What CFAA is doing to protect rental housing
The federal government proposes to set a limit on the amount of interest that any business can claim as an expense against gross income for tax purposes. The proposed limit is 30% of the corporation’s “earnings before the deduction of interest, taxes, depreciation and amortization” (EBITDA). EBITDA is similar to net operating income less applicable administrative expenses.
The measure has been recommended for all countries by the Organization for Economic Cooperation and Development (the OECD), as a step to avoid income shifting, whereby multinational corporations shift expenses, and thus income, between countries to avoid taxes. However, rental housing is very capital intensive, and so many rental providers pay more than 30% of their NOI in interest.
CFAA is working hard to stop the interest deductibility limitation (IDL) from applying to rental housing or other real estate.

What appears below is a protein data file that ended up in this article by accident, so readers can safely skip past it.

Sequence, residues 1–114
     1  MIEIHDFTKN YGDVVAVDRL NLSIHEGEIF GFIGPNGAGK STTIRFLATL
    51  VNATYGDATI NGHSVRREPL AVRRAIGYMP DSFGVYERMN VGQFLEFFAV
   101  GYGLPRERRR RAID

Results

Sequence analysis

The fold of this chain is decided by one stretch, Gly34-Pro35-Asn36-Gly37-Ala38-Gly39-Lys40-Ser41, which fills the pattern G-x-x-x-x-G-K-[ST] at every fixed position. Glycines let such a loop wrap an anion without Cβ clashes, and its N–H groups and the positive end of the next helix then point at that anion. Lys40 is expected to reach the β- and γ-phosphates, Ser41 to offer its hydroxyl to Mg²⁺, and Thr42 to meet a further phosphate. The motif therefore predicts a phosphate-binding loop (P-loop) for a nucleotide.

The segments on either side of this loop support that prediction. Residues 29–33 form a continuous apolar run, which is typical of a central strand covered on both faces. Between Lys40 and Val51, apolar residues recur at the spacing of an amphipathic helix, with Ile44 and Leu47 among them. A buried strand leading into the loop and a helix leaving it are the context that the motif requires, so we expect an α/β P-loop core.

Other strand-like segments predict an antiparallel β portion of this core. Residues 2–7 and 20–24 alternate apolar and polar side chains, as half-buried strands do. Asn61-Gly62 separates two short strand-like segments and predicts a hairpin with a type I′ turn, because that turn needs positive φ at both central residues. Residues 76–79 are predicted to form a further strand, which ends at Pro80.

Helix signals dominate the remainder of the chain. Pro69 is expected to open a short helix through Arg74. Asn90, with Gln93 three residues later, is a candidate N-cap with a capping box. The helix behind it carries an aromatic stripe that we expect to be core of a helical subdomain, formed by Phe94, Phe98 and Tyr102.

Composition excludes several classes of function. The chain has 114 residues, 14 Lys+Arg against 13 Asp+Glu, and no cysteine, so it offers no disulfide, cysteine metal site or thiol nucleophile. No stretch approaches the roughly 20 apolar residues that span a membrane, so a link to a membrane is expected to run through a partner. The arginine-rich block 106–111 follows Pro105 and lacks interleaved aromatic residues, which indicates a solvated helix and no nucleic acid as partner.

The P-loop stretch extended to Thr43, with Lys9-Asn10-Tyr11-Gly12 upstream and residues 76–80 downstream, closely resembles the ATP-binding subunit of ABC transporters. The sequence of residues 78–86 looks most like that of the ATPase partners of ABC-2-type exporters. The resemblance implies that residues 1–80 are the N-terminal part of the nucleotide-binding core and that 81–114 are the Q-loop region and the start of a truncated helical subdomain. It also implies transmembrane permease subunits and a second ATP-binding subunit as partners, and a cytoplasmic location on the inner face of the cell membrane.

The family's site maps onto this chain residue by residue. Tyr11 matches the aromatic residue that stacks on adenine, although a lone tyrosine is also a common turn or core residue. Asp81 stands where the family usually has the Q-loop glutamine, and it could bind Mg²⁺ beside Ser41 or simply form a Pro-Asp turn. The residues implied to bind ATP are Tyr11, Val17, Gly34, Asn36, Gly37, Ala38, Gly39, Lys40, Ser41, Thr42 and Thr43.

Robert McCreight, CFAA’s consultant lobbyist, and I have met the person responsible for the budget in the Prime Minister’s Office, and communicated with the Chief of Staff to the Finance Minister, as well as the key Finance Department policy staff, and other politicians and officials.
To all of them, we have conveyed CFAA’s concerns and the reasons why the proposed measures should not be applied to rental housing, or indeed to all real estate. We are also arranging to meet more officials and politicians who can help to modify the proposed measures.
We have every reason to believe the federal government was relying on the OECD recommendation, and did not realize the unintended negative consequence the proposed limitation would have on rental housing providers and renters.
You can read CFAA’s submission here.
CFAA is also working on building an informal coalition of real estate associations to fight the proposed interest deductibility limitation proposal.
Note: Even if an interest deductibility limitation is announced in Budget 2020, the details of the limitation could still be subject to revision during the process by which the Budget measures are implemented. Revisions could include exempting real estate or rental housing, applying a higher limit on the amount of interest that can be deducted to real estate or rental housing than to other businesses, or other mitigation measures.
John Dickie, CFAA President